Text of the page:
In contradistinction from that perspective I believe that getting a Coalition government almost straight after the NDIS was introduced became the progenitor of its disintegration. A decade of mismanagement can do that to any enterprise. I also believe that if Labor had remained in control of the NDIS for that period of time then it would have had more stringent oversight. Like it’s finally getting now.

  25. Morning all. Thanks for the international roundup Holden Hillbilly. I hope the world, or at least Europe, takes Polish PM Donald Tusk’s warning about a larger war in Europe seriously.

    On pre-selections, I hope Labor at least considers the SA seat of Sturt, where Liberal incumbent James Stevens has a 1% margin. He would be unseated by a smaller swing than the +1.5% achieved in the Dunstan by-election last weekend. State Dunstan sits within Federal Sturt.

    Sturt is a seat full of professionals, not tradies, including a lot of working professional women. Local issues are things like public transport, school quality climate change and housing affordability. A Teal candidate would be a bigger third party threat than a Green, although the Green candidate who did well in Dunstan did well in Sturt in 2022 as well.

    The SA Liberals are, if possible, even more dysfunctional and unpopular than the Victorian Liberals. They couldn’t defend Dunstan in a cost of living crisis.

    They are now dominated by Alex Antic, a male version of Pauline Hanson. Labor will never get a better shot at Sturt than 2024/25.

  26. Confessions @ #25 Sunday, March 31st, 2024 – 9:15 am

    Although I suspect it’s also a strategy to get a “I’m Viet so I’m going to vote for a Viet” outcome. I suspect that helped Dai Le.

    What helped Dai Le is that she had a strong track record of working locally as a councillor, plus the Labor own goal of thinking that Kristina Keneally could be parachuted into an electorate she’d had no previous connection to.

    Yep, and that the people of the Cabramatta area would have stars in their eyes and vote for her like sheep. Whereas, the Vietnamese-Australians are actually very smart and thoughtful people. They also showed that they haven’t held a grudge against Labor for parachuting Keneally in as they elected a Labor Vietnamese-Australian in at the NSW State election following the federal election.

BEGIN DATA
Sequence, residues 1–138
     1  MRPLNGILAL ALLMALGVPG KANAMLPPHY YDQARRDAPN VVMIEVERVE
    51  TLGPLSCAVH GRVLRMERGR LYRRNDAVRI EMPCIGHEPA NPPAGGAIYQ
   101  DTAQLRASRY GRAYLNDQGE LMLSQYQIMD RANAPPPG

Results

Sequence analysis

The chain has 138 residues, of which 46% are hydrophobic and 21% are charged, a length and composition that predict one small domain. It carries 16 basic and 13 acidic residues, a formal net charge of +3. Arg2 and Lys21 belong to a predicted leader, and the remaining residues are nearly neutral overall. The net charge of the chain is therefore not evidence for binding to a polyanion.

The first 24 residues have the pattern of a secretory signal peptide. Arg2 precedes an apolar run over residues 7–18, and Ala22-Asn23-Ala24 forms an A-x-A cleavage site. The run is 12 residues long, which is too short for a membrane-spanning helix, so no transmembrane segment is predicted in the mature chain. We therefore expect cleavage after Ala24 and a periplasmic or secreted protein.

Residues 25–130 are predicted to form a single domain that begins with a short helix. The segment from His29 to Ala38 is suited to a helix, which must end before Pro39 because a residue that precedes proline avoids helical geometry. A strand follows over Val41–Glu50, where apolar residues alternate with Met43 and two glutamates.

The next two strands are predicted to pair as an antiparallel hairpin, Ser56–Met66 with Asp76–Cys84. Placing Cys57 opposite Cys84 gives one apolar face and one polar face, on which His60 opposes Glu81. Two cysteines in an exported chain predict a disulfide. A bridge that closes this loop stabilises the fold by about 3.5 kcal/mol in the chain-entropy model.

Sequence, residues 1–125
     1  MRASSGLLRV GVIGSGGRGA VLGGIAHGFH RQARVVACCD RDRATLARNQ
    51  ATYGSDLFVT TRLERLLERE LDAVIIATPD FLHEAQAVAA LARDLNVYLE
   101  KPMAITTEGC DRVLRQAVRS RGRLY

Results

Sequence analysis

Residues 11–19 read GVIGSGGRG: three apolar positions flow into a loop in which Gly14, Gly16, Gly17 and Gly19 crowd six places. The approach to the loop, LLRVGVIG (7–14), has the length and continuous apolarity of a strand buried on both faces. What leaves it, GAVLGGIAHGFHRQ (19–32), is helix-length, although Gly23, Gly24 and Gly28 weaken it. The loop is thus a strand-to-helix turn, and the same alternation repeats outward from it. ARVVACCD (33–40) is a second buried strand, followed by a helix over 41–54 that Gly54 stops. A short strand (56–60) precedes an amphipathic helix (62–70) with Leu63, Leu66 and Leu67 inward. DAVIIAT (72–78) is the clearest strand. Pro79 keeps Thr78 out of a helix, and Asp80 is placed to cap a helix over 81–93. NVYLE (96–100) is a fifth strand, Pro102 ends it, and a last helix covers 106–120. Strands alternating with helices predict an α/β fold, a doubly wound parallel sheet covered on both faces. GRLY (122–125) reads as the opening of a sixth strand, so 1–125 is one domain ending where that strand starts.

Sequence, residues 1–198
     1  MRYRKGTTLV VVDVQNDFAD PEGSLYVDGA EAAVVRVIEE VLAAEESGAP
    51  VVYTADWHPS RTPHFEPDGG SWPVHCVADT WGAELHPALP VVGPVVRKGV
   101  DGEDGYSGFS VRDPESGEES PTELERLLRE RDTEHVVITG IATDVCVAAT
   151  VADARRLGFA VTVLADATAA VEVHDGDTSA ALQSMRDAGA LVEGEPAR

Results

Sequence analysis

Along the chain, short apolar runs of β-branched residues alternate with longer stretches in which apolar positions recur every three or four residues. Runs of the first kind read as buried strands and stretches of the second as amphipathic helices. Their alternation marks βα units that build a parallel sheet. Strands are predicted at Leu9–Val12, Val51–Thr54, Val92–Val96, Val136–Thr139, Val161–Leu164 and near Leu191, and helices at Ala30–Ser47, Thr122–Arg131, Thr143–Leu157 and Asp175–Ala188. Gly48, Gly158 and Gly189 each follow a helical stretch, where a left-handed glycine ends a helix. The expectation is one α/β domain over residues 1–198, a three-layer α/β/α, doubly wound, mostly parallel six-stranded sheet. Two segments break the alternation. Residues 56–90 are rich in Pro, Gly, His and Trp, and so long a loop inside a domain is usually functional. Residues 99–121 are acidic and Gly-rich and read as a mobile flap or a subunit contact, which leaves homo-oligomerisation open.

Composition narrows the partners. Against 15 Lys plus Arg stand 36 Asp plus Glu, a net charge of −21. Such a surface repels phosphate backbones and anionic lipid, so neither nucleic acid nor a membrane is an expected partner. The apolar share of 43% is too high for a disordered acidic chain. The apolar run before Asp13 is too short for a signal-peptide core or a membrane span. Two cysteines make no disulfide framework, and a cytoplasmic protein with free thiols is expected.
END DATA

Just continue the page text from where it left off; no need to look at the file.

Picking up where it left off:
27. I don’t think it’s that simple, C@tmomma. The issues are structural. For better or worse, the Libs did try more stringent oversight, particularly in the proposal to employ independent assessments in the planning process. Their efforts were howled down as being unfair on participants by the Labor opposition and disability advocates in concert, and were ultimately abandoned.

    The long and short of it is that the mess in the Scheme has continued to compound since day one. It falls to Labor now to try to fix it, but they’ve made the task hard for themselves because of the attitude they took in opposition.

  28. MadHousesays:
    Sunday, March 31, 2024 at 9:08 am
    @ c@t
    The Libs only seem to put up diverse candidates in strong Labor electorates where they have no chance in hell. I think it was the NSW state election but they had a hijab wearing female in a South West Sydney electorate.
    ____________________________
    I think Jaymes Diaz being in the contest for Greenway (what was the tightest Marginal seat) and Nicole Werner (now MP for Warrandyte) are 2 examples counter to this rule, but it does seem to be true.

  29. Stinker @ #31 Sunday, March 31st, 2024 – 9:32 am

    I don’t think it’s that simple, C@tmomma. The issues are structural. For better or worse, the Libs did try more stringent oversight, particularly in the proposal to employ independent assessments in the planning process. Their efforts were howled down as being unfair on participants by the Labor opposition and disability advocates in concert, and were ultimately abandoned.

    The long and short of it is that the mess in the Scheme has continued to compound since day one. It falls to Labor now to try to fix it, but they’ve made the task hard for themselves because of the attitude they took in opposition.